This bundle of joy made his way into the world at 8:30 that morning, with only a half hour of me pushing. He came out weighing more than his brother and sister combined.  And most of all, he came out perfectly normal – no long-term effects from the blood clot.

I used to say that D was the complete opposite of his siblings, but as he grows, that changes.  While Ben and Anna were always painfully shy in elementary, D would make friends with strangers. In fact, he’d try to force his brother to make friends with them also.  From the get go, he was the talker, the socializer, the extrovert.

D is a crazy mix of ADHD and gifted & talented.  I like to think that both help him to think outside the box, to see solutions to problems that other people can’t. I am also aware that it makes it hard for him to see things the way we see them some times – making for some long discussions and arguments among his siblings and parents.

Every day I look at D, I am more and more impressed by the young man he is growing up to be. Yesterday he had track practice at 6:45 a.m., then a full day of school, including athletics, then mountain bike practice from 5:30-7 p.m..  After that, homework kept him up until almost 10.  This morning he was back up at 5:50 to get ready for track practice.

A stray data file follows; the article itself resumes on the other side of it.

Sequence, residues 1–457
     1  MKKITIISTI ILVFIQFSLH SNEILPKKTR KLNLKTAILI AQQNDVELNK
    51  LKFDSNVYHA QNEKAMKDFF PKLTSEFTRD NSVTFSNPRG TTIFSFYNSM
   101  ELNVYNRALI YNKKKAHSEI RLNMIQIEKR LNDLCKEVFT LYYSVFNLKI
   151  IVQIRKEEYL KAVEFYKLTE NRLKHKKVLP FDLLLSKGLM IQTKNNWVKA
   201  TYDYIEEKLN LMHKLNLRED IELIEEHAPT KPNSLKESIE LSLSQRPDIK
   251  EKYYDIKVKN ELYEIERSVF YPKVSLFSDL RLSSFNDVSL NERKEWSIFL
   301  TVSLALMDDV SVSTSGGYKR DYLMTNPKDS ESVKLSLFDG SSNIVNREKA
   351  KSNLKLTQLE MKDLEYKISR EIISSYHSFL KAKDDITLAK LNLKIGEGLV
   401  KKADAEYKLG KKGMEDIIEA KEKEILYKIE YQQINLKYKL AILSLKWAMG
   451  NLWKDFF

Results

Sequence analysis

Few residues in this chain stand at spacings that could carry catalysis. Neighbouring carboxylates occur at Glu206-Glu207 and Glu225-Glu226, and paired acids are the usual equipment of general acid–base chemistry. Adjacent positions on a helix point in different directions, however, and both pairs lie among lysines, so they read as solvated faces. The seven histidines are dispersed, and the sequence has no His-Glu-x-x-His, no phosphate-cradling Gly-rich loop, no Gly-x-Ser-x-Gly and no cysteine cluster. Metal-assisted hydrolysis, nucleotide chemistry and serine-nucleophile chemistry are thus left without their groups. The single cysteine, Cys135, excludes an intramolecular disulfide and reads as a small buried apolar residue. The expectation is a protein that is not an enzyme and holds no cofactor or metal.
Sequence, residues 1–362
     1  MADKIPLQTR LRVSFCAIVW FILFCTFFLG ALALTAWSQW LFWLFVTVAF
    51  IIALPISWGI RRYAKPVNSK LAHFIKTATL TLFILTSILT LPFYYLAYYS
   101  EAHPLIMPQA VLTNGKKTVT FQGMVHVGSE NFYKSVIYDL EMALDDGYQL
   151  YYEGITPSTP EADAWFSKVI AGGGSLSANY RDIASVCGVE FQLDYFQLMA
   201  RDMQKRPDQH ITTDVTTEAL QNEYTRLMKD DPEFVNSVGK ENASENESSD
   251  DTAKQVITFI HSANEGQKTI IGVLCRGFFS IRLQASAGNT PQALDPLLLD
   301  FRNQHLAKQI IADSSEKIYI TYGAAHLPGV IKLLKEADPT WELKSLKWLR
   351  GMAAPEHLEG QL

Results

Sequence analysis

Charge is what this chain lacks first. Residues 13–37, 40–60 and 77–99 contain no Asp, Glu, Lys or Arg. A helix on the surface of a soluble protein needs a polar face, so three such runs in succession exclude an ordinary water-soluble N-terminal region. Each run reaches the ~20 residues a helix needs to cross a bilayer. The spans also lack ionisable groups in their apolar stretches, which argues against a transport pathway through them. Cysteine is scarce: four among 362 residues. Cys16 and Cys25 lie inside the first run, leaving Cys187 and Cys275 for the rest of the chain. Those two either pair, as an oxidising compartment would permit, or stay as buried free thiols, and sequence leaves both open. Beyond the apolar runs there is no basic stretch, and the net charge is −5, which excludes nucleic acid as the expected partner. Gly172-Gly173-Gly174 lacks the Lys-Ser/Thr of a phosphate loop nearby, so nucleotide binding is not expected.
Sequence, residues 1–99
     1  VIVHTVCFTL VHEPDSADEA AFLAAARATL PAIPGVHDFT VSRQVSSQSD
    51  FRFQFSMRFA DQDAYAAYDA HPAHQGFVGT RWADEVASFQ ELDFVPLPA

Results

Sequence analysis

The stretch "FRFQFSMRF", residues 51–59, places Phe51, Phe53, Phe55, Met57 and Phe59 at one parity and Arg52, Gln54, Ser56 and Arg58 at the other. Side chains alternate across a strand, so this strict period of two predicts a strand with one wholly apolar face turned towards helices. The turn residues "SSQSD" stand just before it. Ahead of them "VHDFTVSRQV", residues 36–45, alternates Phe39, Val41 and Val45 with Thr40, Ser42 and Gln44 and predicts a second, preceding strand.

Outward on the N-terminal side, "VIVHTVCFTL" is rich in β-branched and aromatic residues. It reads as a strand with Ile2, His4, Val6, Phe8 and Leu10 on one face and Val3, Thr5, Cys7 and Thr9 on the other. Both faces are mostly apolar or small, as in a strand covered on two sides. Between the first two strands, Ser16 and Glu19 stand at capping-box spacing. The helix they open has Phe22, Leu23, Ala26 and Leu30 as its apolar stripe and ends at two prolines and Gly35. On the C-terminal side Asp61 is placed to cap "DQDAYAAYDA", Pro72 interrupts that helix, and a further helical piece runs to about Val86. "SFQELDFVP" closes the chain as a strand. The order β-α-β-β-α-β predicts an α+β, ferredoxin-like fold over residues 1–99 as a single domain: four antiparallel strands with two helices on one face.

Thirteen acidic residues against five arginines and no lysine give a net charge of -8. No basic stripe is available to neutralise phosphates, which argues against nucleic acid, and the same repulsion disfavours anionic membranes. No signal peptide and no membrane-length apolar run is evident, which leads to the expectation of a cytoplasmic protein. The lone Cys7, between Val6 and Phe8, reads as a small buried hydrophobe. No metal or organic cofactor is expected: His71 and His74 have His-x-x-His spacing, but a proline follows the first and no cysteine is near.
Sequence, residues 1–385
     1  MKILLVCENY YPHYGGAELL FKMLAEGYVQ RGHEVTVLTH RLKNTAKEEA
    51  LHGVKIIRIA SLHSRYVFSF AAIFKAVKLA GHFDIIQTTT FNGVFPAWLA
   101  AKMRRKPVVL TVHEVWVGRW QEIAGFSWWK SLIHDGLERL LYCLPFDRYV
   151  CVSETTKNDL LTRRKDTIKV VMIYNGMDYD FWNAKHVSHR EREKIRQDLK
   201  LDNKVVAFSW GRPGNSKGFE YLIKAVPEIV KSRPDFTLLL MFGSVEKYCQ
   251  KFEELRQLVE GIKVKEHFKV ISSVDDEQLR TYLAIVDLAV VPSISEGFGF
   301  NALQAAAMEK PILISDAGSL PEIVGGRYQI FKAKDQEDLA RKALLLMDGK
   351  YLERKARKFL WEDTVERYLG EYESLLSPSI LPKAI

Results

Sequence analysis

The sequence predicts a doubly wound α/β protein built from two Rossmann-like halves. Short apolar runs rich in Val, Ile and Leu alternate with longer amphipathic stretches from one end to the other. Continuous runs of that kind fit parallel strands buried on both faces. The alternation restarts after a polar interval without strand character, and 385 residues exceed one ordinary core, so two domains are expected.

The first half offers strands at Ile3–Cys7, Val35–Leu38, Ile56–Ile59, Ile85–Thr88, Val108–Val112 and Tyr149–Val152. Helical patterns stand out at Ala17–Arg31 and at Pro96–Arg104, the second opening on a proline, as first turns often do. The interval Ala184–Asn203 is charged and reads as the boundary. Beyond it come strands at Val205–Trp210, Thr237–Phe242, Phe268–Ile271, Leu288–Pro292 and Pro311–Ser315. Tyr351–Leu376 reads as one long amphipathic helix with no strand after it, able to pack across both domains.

Not once in any of that time did he ever grumble in the slightest. He didn’t make an excuse to skip out on early morning practice today.  In fact, after a gentle wakeup call, he was up and smiling and popping his back in a manner that makes me jealous every day.

He didn’t skip out on ANY of his homework that he had to do, including drawing pictures for a history assignment.  He never complained that there was too much to do. He just put his head down and got his homework done, working for more than 2 hours.